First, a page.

Luckily for me though, despite turning up over half an hour late I hadn’t missed any action, and let’s be honest, I’m not here for the actual football. Which is just as well, as it’s not that good. Lodi do a good job of beating a team above them in the league 2-0, and there was much bouncing and singing, lighting of flares, exploding of bangers and waving of scarves. Once again it’s all good fun, and well worth the pain in the arse travel. Although at half-time it’s quite obvious that they find me amusing, asking me whether I’m in the National Front and being mocked for my lack of Italian. None of which bothers me all that much, but I’d like to be able to talk to these people past rudimentary greetings and rehearsed questions.

One of the weird characteristics that they have as a group though, that despite being a good laugh and able to take the piss out of themselves (‘This is the cutting edge of tifo!!’ cried Stefano as they ballsed up another chant), there are moments when they take themselves paradoxically seriously. About half way through the second half the ball was cleared over the fence and our heads, and the Lodi coach asked the guys if one of them could get the ball back for them. ‘We’re not ball boys’ was shouted back, ‘we’re busy supporting you guys.’ As though the act of supporting in itself is the most important thing they could do, and getting the ball back would ruin it completely. It’s the odd mixture of devotion, dedication and giving yourself for the team that is mixed with an elevate sense of self that runs right through the ultras movement.

‘Look guys, we let you onto the pitch so you can put up your banners, why can’t you co-operate with us?’

‘What do you mean let us on? We’d just climb the fence anyway. Employ some ball boys if you want them collected.’

The exchange gave you a complete idea of what each party perceives Lodi to be. On the one hand you’ve got the coach, who sees this for what it is; a new club, with amateur players and not a huge amount of resources, and you have the ultras, who see their club as what they remember from when they were professional, who should be dealing with these things themselves. It also seems to be a way of keeping their distance from the club as a whole, which is nigh-on impossible when your they’re this small.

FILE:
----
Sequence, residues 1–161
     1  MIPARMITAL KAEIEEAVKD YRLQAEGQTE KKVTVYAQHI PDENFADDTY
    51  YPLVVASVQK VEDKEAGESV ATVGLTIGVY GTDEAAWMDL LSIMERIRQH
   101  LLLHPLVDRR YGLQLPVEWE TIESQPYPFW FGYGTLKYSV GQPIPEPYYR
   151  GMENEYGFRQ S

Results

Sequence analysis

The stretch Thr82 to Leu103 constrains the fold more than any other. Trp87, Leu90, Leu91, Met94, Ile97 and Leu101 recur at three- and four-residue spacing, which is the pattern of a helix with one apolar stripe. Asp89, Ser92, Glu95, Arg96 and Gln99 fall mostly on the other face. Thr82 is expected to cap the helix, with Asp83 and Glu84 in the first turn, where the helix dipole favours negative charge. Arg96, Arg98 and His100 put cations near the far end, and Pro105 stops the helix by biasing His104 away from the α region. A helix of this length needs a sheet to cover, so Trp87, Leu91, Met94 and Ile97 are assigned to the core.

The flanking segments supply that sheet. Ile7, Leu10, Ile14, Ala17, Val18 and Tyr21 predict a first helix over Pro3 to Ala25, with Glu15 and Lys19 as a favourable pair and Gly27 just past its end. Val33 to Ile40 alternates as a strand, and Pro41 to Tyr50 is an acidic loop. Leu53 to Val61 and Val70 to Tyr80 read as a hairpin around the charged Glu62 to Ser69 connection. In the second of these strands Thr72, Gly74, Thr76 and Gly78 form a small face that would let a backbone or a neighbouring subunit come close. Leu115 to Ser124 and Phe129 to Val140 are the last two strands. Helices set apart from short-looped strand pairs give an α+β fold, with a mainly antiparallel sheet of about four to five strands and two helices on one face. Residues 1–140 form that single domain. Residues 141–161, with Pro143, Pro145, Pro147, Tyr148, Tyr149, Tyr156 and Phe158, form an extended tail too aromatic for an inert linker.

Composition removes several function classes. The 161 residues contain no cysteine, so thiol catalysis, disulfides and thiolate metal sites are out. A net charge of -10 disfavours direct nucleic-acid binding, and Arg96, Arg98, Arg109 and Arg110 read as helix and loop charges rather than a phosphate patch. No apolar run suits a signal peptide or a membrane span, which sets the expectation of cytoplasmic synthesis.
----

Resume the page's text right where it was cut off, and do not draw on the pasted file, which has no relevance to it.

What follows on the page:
This row has since found its way online, with the guys complaining about being treated as ball boys (‘there are only a few of us, and if we have to collect balls then we are one voice less’ – again with the self-aggrandising) and asking why they didn’t come over to clap them after the game. The president then replied, explaining why he thought that they should have helped them out, and a player told them that they were waiting for them to come into the dressing room after the game to celebrate as usual (which I suppose is a nice touch, if a little weird and contradictory). Meanwhile Simone pops up to tell them that ‘frankly we were only 1-0 up, and they were attacking. I thought it would be a good way to time waste.’

Anyway, straight after the game Simone gave us a lift to Subausgusta on the metro and travelled with us to the Olimpico, where Roma were playing Fiorentina. On the way I noticed something, something very odd indeed about our man Simone. Knowing that we were both English, he spent most of his time asking questions about English football, as he’s ‘sick for it’, apparently. But the inquisitiveness isn’t the odd thing, it’s the way he starts nearly every sentence by saying the name of a football team, usually a lower league one. So there would be a small silence, punctuated by him saying ‘Plymouth Argyle’ (pronounced phonetically), or ‘effe chee oo-nye-ted’ (work that one out if you can) and a chat about those clubs. I don’t know whether he wants a biscuit every time he gets one right but he’s certainly very earnest about it, and frankly it’s nice to be in a situation where someone else is the linguistic clown for once.